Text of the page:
Important Warning

The DPS310 has a maximum rating of 4 V. Third party boards with 5 V logic, e.g. the Arduino Uno, cannot be connected to the DPS310 Pressure Shield2Go board directly, even if the power is connected to the 3.3 V pin as the interface lines, e.g. SDA/SCL, will still be driven by 5 V.

Please use appropriate level shifting for these boards

 

 

Upon re-reading the above warning, I am wondering if there is a difference in the Nano vs the Uno boards. I mention this because the warning is directly referencing the Uno and we were using a Nano. Just a thought

 

Another minor note: A micro USB cord was not included in the kit. Since two of the boards (XMC1100 Boot kit and the XMC 2GO) both had slots for this connection, an included cord might be helpful to end users. After looking a bit here, we found a cord to use. I recall reading in the past that some micro USB cords allow more power than others and this led to initial concerns with the cord we now had available to potentially over power the boards. In the end, we proceeded without problems. Both boards LED lights lit up and the boards are still fine. 

 

Next, we learned of the ability to ‘stack’ the boards. Although this may not be a big issue with some projects, when we are talking about wearable devices, making the ‘kit’ smaller is helpful. One point we did note: in particular to wearable devices, stacking the boards higher than two causes the distance from the body to increase fairly significantly. This increase in height makes the device easier to accidently run into external objects. We know this height could be decreased by using only the ‘short height’ pins. However, only a limited number of these arrived with the evaluation kit. This is not a huge issue but is worth noting and we plan to explore further with shorter pins in the future.  Alternatively, if we place the boards in a band and side by side, the sensors remain closer to the body and there is less opportunity to ‘run into’ these external objects. However, this makes for a ‘wider’ band. We show a few pictures of the ‘stacked’ boards here.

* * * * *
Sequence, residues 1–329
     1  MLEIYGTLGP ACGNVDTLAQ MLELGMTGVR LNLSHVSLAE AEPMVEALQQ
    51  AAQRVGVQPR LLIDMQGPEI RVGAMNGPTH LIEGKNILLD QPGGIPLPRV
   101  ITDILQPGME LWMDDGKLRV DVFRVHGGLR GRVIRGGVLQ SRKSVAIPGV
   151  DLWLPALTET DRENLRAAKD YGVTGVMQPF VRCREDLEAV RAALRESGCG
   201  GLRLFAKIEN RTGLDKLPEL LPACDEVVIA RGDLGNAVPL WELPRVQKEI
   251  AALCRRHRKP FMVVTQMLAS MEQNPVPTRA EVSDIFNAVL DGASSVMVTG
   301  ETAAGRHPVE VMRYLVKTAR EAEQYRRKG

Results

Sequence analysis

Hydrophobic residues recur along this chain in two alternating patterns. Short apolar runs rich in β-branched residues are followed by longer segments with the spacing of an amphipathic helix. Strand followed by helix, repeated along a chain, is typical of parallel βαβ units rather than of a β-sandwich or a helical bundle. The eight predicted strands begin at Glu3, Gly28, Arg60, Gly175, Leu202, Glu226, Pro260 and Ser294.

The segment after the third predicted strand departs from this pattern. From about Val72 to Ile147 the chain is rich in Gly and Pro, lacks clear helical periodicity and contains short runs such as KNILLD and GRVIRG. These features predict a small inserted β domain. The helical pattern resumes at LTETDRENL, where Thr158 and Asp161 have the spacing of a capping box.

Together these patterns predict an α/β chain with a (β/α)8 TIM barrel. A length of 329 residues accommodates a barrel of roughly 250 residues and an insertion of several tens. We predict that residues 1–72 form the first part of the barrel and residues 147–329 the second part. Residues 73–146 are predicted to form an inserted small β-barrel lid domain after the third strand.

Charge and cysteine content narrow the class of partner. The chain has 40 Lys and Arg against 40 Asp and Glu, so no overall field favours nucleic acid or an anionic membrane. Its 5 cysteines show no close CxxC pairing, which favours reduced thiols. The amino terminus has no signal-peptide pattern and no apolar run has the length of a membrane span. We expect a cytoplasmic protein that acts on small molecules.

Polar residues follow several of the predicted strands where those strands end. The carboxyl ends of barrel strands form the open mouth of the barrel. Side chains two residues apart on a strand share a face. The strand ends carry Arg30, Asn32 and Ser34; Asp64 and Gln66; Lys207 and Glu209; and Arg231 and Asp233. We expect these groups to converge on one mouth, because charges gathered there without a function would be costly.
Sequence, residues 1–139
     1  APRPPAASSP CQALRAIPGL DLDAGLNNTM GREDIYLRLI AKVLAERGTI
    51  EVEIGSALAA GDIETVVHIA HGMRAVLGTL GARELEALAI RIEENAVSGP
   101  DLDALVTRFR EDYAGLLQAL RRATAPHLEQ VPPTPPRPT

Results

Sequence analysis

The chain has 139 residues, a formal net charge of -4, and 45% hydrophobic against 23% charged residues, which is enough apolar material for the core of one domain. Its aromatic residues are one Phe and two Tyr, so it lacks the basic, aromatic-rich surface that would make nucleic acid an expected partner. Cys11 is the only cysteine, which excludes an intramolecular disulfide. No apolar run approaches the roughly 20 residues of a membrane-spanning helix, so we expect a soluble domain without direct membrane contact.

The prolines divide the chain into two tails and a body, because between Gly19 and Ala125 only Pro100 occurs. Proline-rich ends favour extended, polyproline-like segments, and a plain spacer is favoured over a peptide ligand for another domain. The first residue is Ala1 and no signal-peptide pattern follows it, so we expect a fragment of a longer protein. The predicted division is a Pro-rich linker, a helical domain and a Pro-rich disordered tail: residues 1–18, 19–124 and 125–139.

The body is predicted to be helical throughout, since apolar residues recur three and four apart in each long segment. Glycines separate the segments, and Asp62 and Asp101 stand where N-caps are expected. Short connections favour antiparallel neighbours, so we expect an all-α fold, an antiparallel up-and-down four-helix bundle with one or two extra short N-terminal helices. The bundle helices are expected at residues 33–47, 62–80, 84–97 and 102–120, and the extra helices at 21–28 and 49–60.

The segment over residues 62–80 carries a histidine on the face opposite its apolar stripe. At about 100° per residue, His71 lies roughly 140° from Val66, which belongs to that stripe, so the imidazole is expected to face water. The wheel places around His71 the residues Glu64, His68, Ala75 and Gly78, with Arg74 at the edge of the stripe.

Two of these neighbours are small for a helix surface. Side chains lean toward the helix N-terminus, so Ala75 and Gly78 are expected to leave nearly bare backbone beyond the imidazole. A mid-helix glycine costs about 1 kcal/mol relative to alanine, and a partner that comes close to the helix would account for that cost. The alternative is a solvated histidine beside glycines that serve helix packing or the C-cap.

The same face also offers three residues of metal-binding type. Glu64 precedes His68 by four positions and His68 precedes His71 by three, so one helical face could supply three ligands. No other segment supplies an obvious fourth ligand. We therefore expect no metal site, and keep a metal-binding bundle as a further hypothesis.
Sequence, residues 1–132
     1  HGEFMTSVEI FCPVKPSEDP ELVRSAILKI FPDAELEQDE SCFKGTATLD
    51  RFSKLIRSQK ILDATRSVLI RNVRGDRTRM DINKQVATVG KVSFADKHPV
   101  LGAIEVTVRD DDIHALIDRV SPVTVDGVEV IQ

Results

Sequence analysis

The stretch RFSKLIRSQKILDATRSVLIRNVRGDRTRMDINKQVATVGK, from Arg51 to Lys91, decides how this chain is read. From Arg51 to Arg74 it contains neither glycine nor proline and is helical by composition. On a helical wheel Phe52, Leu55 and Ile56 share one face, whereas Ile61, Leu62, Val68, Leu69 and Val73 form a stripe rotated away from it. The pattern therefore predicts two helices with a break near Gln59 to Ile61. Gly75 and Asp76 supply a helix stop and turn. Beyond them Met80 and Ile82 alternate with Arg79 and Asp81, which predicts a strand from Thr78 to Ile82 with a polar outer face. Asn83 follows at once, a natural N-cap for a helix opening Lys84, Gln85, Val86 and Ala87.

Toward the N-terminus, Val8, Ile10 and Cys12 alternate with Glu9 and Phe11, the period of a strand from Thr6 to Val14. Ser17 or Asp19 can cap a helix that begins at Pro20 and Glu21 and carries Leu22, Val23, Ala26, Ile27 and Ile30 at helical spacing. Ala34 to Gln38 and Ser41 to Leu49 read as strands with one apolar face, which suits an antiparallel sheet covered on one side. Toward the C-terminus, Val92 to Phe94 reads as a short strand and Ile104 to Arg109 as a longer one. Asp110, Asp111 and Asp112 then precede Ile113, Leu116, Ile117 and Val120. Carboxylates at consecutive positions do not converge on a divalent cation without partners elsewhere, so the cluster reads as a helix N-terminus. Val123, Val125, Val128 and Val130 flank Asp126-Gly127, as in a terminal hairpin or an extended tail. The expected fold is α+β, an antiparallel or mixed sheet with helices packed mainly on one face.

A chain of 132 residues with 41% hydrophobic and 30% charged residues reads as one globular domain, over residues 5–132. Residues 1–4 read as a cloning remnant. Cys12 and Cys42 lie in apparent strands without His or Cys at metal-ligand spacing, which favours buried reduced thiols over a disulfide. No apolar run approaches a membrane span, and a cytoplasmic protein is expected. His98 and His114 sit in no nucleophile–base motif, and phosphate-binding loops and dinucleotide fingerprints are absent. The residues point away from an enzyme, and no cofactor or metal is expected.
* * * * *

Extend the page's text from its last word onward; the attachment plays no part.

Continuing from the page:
Another cool feature alluded to above, is the ability to ‘break’ the DPS310 sensor board. Initially, we thought this might make our tracker project ‘even smaller’. Since we had already purchased a couple of these, we chose to proceed with breaking and testing one of the boards for further testing. The board comes perforated for ease in identifying where the ‘break’ should occur. We initially thought we could snap this with our fingers. Next, we thought a little pressure on the table would complete the task. Finally, we realized we needed a wire cutting tool to complete this task. Even so, it is important to note that using the wire cutting tool did still result in a ‘clean’ break with the sensor still very useful.

 

         

In the next picture, one can see the separated board which leaves a very small profile board with the DPS310 sensor attached. Here, we have also attached four pins and additional wires. A couple of caveats we learned as we proceeded in this direction. First, it appears that ‘breaking the board like this also removes some of the functionality. Of primary concern, once broken there are only two capacitors that remain with the sensor. This may work in some applications. The bigger issue for us, who are new to this environment, is the power light is no longer included with the sensor! This meant we could not really “test” if the hardware was receiving power, per se. Instead we needed to connect the sensor to the rest of the project. Doing so caused problems for us in that the system could not detect the board. This resulted in extensive troubleshooting attempts and, in the end, we returned to using the entire board. 

 

At this point, Sam was pulled away for a big school project. I started looking at the kit even further and reading online to learn more. Based on feedback in one of the threads, I found my way to these good instructions for installing these XMC Boards in the Arduino environment: https://github.com/Infineon/XMC-for-Arduino